Update: Although the Assembly floor session continued until midnight on September 15, SB 100 never made it out of Chris Holden’s Utilities and Energy Committee. On its way to the floor, SB 100 acquired a couple of nasty companions in the form of SB 726 and SB 813, which were hastily created to address some of the concerns of the utility companies. Although these bills were withdrawn, SB 100 suffered its own volleys of opposition from utility company interests.
The amendment of September 11, when the bill acquired a new co-author (Todd Gloria from San Diego) resulted in the bill making another trip to the committee on Utilities and Energy. One of the bright spots of this legislative session, SB 100 easily passed the Senate in May, but obviously had a tumultuous last few days in the Assembly. A hugely popular bill among environmental and climate voters, it is hoped that the bill returns next session. Here’s the wrap-up from the Sacramento Bee.
SB 100 updates the Renewable Portfolio Standard (RPS) to require that all electricity sold in California come from renewable or zero-carbon sources by 2045. RPS-specified renewable energy sources include solar, wind, geothermal, biomass, digester gas, municipal solid waste conversion, landfill gas, small hydropower (generation capacity < 30 megawatts), ocean wave or tidal, and fuel cells using renewable fuels).
At the eleventh hour, flyers purporting to be from the unions of utility employees and electrical workers created clouds of doubt around the revised targets for renewable electricity, saying “What’s the Rush?” and raising the specter of higher utility rates.
What’s the rush? There are obvious reasons for accelerating the transition to 100 per cent renewable energy (Wildfires! Floods! Climate chaos!), but achieving 100 per cent by 2045 is an attainable goal. On one sunny day earlier this year, California generated 67% of its energy from renewable sources.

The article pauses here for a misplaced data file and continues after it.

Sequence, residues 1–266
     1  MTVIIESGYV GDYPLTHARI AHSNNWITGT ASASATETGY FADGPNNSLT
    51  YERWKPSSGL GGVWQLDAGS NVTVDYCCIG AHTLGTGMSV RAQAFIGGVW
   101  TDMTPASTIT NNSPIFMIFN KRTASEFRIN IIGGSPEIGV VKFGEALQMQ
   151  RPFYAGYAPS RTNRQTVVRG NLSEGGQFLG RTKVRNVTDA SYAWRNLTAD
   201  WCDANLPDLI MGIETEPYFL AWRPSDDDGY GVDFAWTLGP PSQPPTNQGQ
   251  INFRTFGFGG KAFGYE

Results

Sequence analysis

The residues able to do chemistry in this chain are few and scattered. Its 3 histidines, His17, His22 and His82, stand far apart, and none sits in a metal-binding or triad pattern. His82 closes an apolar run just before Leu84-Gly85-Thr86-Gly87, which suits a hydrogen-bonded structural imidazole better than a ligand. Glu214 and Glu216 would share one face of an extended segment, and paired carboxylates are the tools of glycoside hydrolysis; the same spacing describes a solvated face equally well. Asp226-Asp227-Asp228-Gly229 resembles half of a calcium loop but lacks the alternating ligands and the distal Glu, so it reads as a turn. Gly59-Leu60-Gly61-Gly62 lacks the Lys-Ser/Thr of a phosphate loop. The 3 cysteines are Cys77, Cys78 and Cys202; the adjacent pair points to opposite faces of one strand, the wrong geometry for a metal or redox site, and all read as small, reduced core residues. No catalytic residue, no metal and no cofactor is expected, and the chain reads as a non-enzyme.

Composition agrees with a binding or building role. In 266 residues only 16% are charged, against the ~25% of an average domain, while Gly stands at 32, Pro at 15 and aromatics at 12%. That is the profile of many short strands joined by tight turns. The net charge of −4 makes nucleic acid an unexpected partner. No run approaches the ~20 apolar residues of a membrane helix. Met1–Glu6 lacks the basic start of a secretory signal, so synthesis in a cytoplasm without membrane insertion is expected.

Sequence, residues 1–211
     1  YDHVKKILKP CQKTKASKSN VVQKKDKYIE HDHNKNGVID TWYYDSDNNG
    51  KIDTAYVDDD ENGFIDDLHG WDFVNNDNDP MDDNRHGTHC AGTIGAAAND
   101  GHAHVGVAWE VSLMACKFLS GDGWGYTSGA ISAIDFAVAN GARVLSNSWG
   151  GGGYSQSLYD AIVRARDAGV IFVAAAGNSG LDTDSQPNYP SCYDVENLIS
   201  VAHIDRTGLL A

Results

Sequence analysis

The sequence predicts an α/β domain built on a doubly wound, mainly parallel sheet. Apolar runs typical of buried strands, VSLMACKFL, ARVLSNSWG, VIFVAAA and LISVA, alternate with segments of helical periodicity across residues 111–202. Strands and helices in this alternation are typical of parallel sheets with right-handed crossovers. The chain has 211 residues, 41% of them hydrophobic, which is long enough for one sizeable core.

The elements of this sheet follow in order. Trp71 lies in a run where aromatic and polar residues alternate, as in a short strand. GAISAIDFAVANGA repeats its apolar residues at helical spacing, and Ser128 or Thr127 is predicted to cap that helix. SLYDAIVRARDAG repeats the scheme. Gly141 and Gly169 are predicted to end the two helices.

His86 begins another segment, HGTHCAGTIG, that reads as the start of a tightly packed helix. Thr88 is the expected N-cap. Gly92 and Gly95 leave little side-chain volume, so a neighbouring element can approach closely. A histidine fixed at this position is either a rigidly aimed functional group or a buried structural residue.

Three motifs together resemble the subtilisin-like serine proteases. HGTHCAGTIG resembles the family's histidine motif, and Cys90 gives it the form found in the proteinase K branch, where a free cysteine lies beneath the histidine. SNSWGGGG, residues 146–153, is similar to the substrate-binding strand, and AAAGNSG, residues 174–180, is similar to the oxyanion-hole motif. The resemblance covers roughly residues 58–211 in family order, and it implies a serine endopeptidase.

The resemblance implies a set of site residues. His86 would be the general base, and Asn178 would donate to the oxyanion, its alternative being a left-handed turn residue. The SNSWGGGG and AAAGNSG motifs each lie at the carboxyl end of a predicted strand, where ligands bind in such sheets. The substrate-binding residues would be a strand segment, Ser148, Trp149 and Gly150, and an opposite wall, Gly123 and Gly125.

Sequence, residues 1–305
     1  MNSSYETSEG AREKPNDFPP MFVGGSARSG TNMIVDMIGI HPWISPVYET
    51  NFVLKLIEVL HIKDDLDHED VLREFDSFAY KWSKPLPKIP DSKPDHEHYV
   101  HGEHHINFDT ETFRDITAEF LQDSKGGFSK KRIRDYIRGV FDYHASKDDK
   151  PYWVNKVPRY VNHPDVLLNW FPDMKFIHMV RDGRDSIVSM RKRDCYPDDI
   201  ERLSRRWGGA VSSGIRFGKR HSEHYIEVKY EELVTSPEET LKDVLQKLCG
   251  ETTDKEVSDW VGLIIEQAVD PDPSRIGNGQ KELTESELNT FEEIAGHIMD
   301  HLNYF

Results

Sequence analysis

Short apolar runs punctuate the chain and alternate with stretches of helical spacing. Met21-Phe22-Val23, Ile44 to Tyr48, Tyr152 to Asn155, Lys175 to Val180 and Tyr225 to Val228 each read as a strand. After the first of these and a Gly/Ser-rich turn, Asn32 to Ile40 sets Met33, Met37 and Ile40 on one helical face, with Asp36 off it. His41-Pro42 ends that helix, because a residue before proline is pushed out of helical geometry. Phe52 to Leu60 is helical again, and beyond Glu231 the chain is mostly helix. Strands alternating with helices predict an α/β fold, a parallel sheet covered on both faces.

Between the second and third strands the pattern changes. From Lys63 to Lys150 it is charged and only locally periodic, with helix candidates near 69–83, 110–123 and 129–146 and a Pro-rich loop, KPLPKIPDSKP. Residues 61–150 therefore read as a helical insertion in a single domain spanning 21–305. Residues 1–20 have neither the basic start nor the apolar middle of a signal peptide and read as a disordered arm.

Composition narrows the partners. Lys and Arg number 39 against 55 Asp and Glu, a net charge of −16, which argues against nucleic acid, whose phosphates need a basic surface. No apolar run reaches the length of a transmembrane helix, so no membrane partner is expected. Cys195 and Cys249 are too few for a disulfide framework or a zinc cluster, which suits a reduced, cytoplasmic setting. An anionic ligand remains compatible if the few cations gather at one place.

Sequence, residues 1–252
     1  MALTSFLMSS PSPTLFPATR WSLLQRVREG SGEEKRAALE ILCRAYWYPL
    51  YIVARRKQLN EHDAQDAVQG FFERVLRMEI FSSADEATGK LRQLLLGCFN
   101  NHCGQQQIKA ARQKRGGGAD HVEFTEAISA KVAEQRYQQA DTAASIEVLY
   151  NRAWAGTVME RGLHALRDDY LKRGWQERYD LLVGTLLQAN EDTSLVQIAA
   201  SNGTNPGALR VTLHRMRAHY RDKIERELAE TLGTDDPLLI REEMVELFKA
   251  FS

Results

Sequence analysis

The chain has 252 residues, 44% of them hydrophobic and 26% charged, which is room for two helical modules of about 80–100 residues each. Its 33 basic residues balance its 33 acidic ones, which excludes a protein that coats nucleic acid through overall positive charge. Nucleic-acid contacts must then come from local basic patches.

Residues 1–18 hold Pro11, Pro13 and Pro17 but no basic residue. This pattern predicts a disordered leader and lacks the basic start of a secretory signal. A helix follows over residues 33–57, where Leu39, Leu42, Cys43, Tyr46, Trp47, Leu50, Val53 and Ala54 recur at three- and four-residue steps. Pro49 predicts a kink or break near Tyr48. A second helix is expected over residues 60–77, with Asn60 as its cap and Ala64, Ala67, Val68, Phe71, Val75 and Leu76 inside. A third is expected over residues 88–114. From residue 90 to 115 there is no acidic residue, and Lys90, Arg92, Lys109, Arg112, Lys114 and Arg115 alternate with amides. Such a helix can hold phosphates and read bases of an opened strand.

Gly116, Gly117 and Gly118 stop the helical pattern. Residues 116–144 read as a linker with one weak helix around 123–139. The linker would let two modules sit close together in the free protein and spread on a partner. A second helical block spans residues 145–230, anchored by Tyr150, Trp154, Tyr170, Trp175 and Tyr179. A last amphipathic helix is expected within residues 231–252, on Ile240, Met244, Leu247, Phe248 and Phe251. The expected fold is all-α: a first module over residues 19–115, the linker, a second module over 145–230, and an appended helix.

The targets in the RPS are being met: with advances in renewable technology and the accelerating adoption of solar and wind power, California is ahead of the game.
The Union of Concerned Scientists’ Laura Wisland said in a recent article “Getting to 60% renewables by 2030 is certainly achievable. Many of the major electricity providers in the state are already on track to meet or exceed the 50% RPS; raising it to 60% by 2030 will help take advantage of the renewable energy federal tax credits that are set to expire or significantly step down between 2019 and 2022. SB 100 would also establish a path to decarbonize the remaining electricity used in California (aka the 40% not subject to the RPS). It does this by directing the state’s energy agencies to study and plan for an electricity grid that utilizes 100% “zero-carbon” resources by 2045.” For more information, download the UCS factsheet on SB 100.
Can we do it? Yes, we can! Taking all zero-carbon energy sources into account, 50% of California electricity is already carbon free.
Thank you to the thousands of people who contacted their Assembly members in support of SB 100—and 100% Clean Electricity for California.